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The Karuri Project

Posted on May 24, 2018 by Kelly Johnstone
Group of children - the Karuri Project

In 2017, Staysure named The Karuri Project as one of its charities of the year, and began raising funds to help build some new classrooms for Sacred Heart Primary School in Naivasha, Kenya, that would replace the current temporary buildings. Alongside all kinds of fundraising efforts held on home turf in Northampton and Coventry, three of our staff volunteered to go out to Kenya and lend a hand in any way that they could.

The school itself was initially set up by a remarkable woman, Sister Cecilia Wangari, who wanted to provide a safe haven for orphaned and destitute children, with access to education and opportunity. Sacred Heart currently has more than 120 day students – around half of which also call the school home.

Sister Cecilia’s hard work and dedication has made a huge difference to the lives of many children who would otherwise be left to survive as best they could in the nearby slums of Nairobi, often without any family to take care of them. But her resources are limited and the school’s continued development relies entirely on the funds raised by its representing charity – The Kurari Project – which is why we want to help.

The main priorities of the project include setting up basic amenities such as clean water and reliable electricity, as well as building brand new classrooms so that the children can learn in a safe and comfortable environment.

When our Staysure volunteers visited the school last June, they were able to get a better idea of what could be done to improve the lives of the children and staff. Simple things like swapping the scraps of fabric for real shower curtains and fitting doors to separate the toilets from the bedrooms would make such a huge difference. Not to mention give a greater sense of privacy and dignity – especially for the older students.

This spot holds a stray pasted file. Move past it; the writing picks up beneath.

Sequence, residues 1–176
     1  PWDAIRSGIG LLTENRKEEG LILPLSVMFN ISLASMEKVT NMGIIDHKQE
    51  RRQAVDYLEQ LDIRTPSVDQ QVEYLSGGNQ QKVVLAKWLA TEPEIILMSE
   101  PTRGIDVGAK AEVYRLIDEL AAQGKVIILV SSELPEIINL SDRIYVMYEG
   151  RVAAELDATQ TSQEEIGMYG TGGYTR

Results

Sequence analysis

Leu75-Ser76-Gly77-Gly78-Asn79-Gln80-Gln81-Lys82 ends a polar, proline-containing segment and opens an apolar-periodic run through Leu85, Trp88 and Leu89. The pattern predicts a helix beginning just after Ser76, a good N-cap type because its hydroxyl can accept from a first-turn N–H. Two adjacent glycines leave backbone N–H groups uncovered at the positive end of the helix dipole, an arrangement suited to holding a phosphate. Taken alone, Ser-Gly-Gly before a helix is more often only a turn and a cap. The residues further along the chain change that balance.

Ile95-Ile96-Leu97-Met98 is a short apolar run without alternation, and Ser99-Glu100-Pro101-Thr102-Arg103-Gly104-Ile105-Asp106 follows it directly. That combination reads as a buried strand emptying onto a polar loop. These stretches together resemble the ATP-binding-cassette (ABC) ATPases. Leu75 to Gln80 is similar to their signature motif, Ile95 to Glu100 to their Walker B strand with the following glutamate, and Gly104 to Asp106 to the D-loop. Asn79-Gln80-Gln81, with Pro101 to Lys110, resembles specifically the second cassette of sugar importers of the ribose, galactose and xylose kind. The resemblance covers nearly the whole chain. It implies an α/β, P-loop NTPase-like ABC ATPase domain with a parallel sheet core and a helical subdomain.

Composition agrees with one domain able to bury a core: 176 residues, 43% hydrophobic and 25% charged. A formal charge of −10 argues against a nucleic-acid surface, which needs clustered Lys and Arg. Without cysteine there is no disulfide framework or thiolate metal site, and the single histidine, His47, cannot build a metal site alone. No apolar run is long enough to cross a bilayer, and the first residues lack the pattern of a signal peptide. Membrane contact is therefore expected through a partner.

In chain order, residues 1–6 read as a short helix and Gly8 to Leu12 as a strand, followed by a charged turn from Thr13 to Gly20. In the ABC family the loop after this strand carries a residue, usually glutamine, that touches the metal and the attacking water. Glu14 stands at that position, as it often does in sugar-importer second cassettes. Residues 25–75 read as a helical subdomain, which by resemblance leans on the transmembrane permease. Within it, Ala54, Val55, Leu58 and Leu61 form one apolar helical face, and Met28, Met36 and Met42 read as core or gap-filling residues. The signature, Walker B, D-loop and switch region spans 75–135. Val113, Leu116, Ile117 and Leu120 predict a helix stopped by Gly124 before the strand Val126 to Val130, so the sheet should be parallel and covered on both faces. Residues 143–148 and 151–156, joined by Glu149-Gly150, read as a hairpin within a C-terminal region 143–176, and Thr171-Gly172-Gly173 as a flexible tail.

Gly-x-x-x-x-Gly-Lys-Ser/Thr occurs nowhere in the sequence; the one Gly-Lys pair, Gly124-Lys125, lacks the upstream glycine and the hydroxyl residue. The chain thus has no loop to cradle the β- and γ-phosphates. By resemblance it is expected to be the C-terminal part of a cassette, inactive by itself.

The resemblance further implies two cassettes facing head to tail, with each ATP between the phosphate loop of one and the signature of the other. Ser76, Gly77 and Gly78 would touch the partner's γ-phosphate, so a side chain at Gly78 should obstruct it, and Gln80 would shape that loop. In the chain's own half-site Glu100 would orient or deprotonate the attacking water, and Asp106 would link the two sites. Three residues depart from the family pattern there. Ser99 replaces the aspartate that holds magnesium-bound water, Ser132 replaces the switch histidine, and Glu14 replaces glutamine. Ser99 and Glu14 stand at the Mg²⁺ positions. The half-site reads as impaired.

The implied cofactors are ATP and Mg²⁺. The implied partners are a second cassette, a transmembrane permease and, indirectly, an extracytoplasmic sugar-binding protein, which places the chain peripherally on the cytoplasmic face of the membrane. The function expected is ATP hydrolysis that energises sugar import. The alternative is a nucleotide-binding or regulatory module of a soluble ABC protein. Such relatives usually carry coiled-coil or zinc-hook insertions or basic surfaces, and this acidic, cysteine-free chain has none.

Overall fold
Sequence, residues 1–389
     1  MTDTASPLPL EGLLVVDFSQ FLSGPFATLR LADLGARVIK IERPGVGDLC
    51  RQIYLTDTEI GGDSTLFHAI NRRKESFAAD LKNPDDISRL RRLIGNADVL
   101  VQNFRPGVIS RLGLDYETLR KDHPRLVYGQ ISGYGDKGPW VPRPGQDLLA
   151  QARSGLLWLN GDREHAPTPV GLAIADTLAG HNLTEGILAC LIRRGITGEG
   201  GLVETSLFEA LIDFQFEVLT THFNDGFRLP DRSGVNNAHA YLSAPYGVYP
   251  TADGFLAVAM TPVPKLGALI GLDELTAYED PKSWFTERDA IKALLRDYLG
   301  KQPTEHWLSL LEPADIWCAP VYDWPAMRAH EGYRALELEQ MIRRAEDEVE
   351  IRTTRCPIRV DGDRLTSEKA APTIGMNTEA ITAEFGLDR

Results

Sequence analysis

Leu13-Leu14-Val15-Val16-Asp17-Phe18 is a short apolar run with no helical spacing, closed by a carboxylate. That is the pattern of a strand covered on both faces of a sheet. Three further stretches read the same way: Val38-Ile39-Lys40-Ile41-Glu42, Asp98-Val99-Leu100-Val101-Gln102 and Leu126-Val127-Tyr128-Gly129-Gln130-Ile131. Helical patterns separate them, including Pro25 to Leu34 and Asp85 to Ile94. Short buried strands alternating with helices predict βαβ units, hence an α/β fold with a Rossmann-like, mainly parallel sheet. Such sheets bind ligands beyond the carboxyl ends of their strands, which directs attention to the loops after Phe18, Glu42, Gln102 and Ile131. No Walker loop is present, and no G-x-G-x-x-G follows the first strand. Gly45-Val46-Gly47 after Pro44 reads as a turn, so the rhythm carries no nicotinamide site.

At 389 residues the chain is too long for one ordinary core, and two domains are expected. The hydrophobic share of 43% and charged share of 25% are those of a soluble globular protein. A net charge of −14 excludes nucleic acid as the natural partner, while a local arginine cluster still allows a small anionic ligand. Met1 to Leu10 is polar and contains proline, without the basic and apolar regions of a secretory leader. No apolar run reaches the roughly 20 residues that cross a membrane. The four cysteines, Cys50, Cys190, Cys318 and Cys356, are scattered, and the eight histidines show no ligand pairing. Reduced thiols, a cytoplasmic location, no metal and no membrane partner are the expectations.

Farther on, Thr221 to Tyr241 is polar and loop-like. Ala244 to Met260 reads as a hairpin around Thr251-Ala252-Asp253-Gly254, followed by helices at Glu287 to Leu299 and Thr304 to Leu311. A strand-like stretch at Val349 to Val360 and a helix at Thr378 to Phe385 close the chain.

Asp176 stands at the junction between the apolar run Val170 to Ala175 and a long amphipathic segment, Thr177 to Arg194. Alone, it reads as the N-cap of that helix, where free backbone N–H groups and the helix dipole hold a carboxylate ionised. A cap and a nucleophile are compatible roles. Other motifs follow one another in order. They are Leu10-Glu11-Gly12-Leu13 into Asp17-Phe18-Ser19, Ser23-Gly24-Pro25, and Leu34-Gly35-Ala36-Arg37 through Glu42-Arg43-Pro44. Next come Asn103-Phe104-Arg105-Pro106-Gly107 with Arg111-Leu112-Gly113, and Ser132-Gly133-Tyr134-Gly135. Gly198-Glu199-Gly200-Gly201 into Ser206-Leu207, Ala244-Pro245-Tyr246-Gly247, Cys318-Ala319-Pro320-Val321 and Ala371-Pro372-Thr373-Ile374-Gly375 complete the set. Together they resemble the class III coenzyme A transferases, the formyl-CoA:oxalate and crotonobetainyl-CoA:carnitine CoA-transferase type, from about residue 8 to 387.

We also donated seven computers to the school which we hope will open up a whole new world of possibility, allowing the children and staff to learn basic IT skills.

During their time at Sacred Heart, both Loraine and Natasha expressed a deep realisation of how much we take for granted with our everyday luxuries. They were also taken aback at how gracious and polite the children were – never complaining and always grateful, with an unwavering commitment to their studies.

For many of these children, education is a way out of poverty, Natasha explains:

“Talking to the children you soon understand that they have come from a world of starvation, loneliness, and living in miserable conditions in the slums of Nairobi. They know that the only way to ensure a better life for themselves is a good education, and this drives them to want to succeed.” 

One of the highlights of the week was taking the older children, who’d just sat their exams, on a field trip to the Masai Mara National Park. Despite growing up in Kenya, many of the children had never seen their country’s incredible wildlife so this excursion was a huge treat for them. The trip was only made possible by borrowing an old bus from a local secondary school which ended up getting stuck for five hours whilst Natasha and Loraine kept a lookout for lions!